Paul Ryan on budget: Your move, Obama
By: David Nather, Politico
Paul Ryan says it's time for President Barack Obama to get back in the game.
In a short briefing with reporters Wednesday, Ryan — the House Budget Committee chairman and former vice presidential nominee — blasted Obama for not giving any indication of when he'll release his next budget proposal, which is already more than a month late.
"I find it interesting that he's chosen to blow the deadline again, not only by a week or two, which is what we've seen in the past, but for an indefinite period of time and waiting for others to lead first," Ryan said.
"The person in the White House ought to lead. That's what presidents are supposed to do," Ryan said. "And by delaying your budget for an indefinite period of time, [it] shows that there's just not a seriousness of purpose to actually fixing our budget problems."
Ryan did say he talked to Obama about the budget this week but wouldn’t share any details of the conversation.
Ryan's briefing was intended to set the stage for next week, when he'll release his next budget on Tuesday and Senate Democrats are supposed to put out their own proposal.
The House budget will set a goal of balancing the budget in 10 years, a prospect that has unnerved some House Republicans because it could require even deeper cuts than in Ryan’s past budgets.
But Ryan insisted that "you won't see big surprises in our budget. For a number of reasons, and for some modest policy changes, we can get to balance. We can show the country that this is an achievable goal — a goal we all ought to share, a goal that helps us prevent a debt crisis."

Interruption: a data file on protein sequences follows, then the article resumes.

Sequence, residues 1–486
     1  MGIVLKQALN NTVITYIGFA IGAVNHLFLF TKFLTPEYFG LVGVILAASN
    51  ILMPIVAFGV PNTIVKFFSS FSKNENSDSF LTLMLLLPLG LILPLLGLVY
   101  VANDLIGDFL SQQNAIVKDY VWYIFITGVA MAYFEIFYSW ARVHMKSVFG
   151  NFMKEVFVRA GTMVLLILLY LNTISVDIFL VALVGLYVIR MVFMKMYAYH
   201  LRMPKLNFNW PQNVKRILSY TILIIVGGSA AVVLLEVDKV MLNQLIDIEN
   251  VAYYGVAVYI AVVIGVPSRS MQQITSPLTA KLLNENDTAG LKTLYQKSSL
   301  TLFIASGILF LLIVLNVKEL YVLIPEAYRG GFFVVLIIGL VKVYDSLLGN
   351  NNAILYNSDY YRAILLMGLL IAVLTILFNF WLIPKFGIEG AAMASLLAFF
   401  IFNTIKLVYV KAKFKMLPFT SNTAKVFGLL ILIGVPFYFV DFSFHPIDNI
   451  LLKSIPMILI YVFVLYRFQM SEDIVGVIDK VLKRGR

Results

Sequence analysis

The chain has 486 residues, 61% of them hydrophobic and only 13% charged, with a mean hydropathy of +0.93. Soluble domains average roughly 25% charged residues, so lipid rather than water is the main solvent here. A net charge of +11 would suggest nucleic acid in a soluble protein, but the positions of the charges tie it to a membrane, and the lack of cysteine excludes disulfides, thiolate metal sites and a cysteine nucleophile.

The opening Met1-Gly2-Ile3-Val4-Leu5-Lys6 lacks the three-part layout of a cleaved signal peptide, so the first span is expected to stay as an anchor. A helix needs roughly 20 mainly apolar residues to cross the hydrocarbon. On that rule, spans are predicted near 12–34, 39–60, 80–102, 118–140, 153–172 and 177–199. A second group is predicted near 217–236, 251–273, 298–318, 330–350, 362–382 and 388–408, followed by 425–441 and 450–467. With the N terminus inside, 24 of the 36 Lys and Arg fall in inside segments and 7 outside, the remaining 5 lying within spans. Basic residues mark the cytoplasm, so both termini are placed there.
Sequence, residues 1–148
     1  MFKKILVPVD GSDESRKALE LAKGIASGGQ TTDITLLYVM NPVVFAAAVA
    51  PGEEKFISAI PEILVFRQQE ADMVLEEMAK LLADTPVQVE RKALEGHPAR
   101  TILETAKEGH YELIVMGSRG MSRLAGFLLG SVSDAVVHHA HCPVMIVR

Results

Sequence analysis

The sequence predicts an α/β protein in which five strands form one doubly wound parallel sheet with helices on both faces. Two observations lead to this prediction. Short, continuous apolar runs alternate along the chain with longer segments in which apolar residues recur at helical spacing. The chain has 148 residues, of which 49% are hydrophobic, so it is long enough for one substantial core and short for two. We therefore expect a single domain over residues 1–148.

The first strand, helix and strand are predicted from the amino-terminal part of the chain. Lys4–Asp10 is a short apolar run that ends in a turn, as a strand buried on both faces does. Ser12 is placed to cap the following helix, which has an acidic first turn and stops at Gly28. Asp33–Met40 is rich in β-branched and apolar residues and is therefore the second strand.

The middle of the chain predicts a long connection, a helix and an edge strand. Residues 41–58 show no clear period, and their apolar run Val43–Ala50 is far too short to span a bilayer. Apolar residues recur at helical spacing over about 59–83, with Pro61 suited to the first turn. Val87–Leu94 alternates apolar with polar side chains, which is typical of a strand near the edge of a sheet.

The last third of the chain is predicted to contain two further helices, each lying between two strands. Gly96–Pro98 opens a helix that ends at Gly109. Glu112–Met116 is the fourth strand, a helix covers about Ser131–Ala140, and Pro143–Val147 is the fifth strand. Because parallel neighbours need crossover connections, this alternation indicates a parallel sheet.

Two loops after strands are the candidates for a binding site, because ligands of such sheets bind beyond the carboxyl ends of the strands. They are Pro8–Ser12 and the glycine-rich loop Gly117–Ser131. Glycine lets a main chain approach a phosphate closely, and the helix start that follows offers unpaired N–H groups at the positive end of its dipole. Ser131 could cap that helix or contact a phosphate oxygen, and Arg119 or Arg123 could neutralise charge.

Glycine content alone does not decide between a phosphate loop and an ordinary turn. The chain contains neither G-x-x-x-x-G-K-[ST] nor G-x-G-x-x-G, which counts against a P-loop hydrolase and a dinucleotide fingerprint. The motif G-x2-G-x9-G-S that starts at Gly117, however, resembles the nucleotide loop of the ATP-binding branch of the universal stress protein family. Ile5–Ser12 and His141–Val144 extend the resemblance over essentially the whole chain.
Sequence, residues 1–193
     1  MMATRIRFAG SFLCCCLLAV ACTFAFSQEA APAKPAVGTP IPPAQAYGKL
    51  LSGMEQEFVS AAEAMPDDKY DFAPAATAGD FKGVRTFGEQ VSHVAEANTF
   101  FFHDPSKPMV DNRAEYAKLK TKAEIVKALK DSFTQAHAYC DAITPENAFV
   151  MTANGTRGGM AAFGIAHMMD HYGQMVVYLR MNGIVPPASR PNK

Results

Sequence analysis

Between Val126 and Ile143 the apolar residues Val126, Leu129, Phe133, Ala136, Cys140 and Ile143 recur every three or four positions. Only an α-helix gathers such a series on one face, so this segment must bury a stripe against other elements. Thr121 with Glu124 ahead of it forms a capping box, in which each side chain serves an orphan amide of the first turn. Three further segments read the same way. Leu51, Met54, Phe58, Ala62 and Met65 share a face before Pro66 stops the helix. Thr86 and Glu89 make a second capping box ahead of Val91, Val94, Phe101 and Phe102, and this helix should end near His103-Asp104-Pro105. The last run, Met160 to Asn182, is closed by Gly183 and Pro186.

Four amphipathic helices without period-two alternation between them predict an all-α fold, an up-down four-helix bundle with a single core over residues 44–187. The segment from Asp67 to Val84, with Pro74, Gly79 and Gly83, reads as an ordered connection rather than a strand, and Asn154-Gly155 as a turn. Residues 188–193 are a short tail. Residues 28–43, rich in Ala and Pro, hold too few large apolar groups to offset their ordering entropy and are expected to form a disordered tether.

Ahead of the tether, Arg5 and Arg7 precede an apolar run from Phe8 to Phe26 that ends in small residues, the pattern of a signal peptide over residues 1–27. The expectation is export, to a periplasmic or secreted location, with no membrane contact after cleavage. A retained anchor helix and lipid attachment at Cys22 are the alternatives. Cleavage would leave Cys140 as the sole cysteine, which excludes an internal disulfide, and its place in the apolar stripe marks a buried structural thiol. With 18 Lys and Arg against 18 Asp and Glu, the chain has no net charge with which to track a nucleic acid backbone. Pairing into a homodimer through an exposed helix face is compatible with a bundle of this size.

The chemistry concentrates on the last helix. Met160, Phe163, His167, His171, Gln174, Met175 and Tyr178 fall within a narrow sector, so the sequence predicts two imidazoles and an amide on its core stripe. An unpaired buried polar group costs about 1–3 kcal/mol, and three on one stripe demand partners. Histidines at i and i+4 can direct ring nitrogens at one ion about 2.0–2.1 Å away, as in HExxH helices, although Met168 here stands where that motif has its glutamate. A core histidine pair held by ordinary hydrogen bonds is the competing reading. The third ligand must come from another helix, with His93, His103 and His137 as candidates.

“Our goal and hope here is not to pass a budget and then forget about it. Our goal is to get a down payment on this problem for America,” Ryan said. “The value of a Republican majority ought to be, at the very least, to help delay a debt crisis from hitting this country and hurting everybody.”
He wouldn't get into specifics, though, including any changes to his rewrite of the Medicare program.
With Senate Democrats already warning that his new budget will have to have even more draconian cuts, he clearly tried to use Wednesday's briefing to brush them back a bit.
"We're not claiming things that aren't going to happen. We're not claiming gimmicks," Ryan said.
Ryan’s aides on the House Budget Committee warned that Senate Democrats could use easy tricks to count as deficit reduction, like counting war savings from Afghanistan — even though Obama has already made it clear he’s going to draw down troops — or assuming savings because the level of spending on the Hurricane Sandy supplemental isn’t going to be maintained for 10 years.
Even so, Ryan said he hopes the Democratic budget helps to jump-start the budget conversation.
“The Senate’s finally doing a budget. The president hasn’t, but the Senate is. And it is my hope that we can start talking to each other and start solving some problems,” he said.